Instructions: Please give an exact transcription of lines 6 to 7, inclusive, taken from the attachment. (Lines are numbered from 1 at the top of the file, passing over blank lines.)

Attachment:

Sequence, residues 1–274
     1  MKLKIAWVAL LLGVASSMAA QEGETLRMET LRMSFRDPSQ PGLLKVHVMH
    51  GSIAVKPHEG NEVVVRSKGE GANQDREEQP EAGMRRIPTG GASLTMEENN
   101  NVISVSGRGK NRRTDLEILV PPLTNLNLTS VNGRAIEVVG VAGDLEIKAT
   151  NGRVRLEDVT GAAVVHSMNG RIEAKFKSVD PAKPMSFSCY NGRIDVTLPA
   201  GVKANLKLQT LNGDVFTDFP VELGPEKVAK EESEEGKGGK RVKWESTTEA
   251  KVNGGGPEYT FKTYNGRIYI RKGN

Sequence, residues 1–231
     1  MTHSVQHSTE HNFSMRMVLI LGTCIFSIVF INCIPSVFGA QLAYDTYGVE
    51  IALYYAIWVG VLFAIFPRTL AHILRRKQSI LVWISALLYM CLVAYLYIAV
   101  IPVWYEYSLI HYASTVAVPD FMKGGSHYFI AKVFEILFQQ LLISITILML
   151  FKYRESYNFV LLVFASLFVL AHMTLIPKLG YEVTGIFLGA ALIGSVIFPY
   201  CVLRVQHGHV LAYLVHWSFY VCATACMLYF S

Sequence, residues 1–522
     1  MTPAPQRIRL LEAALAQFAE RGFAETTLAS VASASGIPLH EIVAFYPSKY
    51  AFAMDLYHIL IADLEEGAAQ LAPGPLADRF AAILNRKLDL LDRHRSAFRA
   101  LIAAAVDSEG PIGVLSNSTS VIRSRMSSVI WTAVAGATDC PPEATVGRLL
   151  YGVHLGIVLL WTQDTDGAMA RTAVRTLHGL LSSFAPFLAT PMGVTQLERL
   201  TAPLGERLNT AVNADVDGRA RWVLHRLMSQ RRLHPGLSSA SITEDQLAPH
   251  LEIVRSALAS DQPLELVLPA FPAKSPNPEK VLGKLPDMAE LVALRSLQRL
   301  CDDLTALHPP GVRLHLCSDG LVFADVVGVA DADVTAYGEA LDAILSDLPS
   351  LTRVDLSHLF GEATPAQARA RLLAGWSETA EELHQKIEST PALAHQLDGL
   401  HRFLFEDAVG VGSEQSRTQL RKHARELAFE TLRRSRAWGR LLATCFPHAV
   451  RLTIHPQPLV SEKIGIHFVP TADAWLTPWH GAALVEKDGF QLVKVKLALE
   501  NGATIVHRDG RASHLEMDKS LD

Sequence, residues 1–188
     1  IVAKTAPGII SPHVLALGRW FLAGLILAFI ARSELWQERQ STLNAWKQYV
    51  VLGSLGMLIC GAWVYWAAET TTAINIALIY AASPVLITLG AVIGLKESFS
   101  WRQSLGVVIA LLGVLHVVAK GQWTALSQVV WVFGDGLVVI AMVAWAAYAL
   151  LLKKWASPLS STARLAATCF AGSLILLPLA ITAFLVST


   201  GVKANLKLQT LNGDVFTDFP VELGPEKVAK EESEEGKGGK RVKWESTTEA
   251  KVNGGGPEYT FKTYNGRIYI RKGN